Why looking at things upside down might not be as silly as it sounds
By Jessica Albon
A few days ago, I attended a workshop at The Home Depot on embellishing basic furniture pieces. The attendees had varying levels of experience–some had never done anything home-improvement-ish while others had tackled complicated projects. And the questions they asked reflected each person’s level of experience.
What was intriguing was that one woman who’d never picked up a paint brush asked really interesting questions–questions I wouldn’t have thought to ask. Sure, they weren’t advanced, but they were compelling nonetheless because they arose out of a deep sense of curiosity.
I may have done a bit more than just hold a paintbrush, but I still loved hearing the answers to her questions. In fact, the answers to her questions held the interest of even the most advanced attendees and prompted some of the best discussions.
As the expert, you might hesitate to cover more basic topics because you worry about the readers on your list who are more advanced. You don’t want to risk boring anyone with information they already know. After all, how can you establish your expertise if you’re talking about something any rank beginner in your field already knows?
The answer is to turn things upside down, inside out, really get in and examine the details. When you engage your topic with curiosity, the information that results can’t help but be compelling, dynamic, and useful.
Approach your topic with a sense of wonder and delight and you’ll communicate both to your readers. Even advanced readers will find themselves benefiting from the resulting discussion.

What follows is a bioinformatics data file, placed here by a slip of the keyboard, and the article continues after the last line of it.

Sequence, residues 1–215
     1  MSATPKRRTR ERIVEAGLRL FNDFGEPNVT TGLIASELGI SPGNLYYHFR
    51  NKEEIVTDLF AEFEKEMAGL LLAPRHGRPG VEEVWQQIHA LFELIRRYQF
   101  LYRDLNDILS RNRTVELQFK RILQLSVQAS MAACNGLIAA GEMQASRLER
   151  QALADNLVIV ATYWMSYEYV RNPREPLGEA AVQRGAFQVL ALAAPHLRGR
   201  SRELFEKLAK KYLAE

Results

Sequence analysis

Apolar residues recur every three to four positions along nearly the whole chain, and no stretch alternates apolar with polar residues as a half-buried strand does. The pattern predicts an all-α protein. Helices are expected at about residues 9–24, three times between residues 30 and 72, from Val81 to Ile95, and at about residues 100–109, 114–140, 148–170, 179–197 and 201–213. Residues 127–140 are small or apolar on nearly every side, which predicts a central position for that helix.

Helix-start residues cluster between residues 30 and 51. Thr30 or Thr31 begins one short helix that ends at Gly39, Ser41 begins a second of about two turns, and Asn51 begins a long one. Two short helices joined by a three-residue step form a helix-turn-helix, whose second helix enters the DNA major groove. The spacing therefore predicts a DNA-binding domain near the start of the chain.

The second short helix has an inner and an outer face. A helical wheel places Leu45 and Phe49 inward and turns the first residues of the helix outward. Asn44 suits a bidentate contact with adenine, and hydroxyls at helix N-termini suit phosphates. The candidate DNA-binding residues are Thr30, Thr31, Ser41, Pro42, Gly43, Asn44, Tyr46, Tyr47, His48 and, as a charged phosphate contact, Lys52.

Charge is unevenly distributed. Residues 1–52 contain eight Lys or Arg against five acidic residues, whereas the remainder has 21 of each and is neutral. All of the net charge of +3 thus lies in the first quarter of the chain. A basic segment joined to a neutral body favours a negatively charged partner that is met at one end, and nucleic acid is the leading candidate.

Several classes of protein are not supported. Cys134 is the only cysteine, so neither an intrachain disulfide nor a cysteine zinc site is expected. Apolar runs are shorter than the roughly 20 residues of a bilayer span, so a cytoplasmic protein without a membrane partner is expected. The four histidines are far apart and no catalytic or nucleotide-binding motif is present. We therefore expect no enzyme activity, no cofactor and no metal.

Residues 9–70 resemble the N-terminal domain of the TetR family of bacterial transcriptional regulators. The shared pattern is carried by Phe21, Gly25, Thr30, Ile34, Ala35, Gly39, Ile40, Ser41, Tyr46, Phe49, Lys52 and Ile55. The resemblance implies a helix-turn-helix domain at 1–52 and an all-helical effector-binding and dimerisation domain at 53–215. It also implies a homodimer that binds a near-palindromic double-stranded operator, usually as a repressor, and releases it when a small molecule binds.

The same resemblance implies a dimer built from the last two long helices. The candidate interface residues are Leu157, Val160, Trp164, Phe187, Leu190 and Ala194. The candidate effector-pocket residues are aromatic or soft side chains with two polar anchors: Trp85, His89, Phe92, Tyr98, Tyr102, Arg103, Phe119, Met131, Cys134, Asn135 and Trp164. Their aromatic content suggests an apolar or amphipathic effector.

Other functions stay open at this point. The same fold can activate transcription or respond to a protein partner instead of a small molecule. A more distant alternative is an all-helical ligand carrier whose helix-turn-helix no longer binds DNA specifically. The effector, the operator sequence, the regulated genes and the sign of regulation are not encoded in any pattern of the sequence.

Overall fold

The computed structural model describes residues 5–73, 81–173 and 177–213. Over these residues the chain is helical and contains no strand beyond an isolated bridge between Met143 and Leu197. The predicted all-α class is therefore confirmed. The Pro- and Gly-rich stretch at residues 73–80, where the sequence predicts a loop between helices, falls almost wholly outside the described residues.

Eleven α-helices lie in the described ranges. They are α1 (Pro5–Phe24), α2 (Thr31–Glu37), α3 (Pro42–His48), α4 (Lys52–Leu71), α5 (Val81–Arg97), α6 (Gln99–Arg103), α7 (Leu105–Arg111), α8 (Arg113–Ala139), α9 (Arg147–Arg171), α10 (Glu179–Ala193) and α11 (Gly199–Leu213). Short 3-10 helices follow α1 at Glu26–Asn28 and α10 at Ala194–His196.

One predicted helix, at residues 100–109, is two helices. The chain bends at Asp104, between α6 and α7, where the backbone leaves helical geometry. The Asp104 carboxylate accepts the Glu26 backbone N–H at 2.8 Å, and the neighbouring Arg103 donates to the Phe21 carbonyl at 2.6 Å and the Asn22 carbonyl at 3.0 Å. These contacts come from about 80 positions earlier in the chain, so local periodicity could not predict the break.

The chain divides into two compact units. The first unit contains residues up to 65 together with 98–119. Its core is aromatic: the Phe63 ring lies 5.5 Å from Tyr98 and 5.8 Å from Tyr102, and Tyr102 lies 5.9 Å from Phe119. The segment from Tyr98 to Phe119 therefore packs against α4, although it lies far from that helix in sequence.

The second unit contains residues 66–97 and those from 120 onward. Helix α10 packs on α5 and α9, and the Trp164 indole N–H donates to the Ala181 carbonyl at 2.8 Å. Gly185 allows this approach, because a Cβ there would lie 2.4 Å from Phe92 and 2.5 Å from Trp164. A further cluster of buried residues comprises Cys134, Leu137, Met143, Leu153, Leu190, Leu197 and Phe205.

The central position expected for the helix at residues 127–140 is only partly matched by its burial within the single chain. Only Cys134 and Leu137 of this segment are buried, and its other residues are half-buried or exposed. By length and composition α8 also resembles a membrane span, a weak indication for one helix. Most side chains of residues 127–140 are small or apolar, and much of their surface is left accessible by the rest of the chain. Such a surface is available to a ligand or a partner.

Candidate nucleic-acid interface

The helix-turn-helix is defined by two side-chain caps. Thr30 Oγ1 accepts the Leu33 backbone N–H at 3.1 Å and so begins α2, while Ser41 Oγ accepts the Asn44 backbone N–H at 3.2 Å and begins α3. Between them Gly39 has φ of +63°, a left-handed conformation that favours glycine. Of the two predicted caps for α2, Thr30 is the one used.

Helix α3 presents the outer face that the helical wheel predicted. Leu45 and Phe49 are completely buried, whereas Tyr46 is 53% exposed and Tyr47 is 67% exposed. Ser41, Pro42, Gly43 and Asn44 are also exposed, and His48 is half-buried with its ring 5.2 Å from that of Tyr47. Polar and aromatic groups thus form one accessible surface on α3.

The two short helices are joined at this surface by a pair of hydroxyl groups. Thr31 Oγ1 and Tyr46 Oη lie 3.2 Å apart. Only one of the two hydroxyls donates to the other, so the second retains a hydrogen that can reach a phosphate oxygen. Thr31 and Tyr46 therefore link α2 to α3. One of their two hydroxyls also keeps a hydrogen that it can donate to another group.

And there’s a more subtle benefit of this approach, too. When you take a straightforward beginner’s approach, you risk turning off advanced readers who won’t read the article because “I already know that.” But, when you take a new approach, even when your material is beginner’s stuff, readers will find themselves being drawn in and even those who are very advanced might just find themselves learning a thing or two. What better way to prove your expertise than that?
It’s all well and good to challenge you to turn your topic “upside down and inside out,” but what does that actually mean? Try one of these three approaches:
- Pretend you’re using a camera.
One of my favorite features on my camera is the zoom. I find the details of objects fascinating when viewed through the lens. Pretend you’re using a camera to take a picture of your topic and zoom in closer and closer until you’re looking at something that wouldn’t even fill a square inch of a photo. Then, challenge yourself to expand that one detail to fill an extra large canvas (or, in this case, feature article).
What do people ask about when they’re talking about your newsletter topic? What do they seem most interested in? Listen to their questions, listen to their assumptions, and see if you can’t hear what they’re not saying, too. But watch out–there’s one group of people you should never, ever listen to when it comes to your newsletter content–your competitors. Repeating what your competition writes about in their newsletters is a sure way to miss exploring the details that will highlight your expertise.
- Use new language.
Whatever you do, stop talking like everyone else in your industry! If you keep well informed, this will be mighty hard because you’ll be so accustomed to reading and hearing people talk and write in a certain style. But, a simple shortcut is to start browsing the dictionary for interesting words and start using them. Yes, there will be a certain awkwardness as you start to outgrow your industry’s jargon, but you’ll find your new use of language helps you communicate more clearly with your audience, and, as an extra benefit, you also might find yourself experiencing amazing breakthrough ideas (because the way you see what you do will change as the words you use to describe it change).
Nothing demonstrates your expertise like taking a concept that’s pretty basic within your industry and explaining it in a compelling way. The beginners on your list will appreciate your meeting them on their level, and the advanced readers among your subscribers will admire your fresh perspective.
So, get busy taking a look at your topic in a new way and see what you come up with. I’d love to hear what you plan to write about as a result!Blog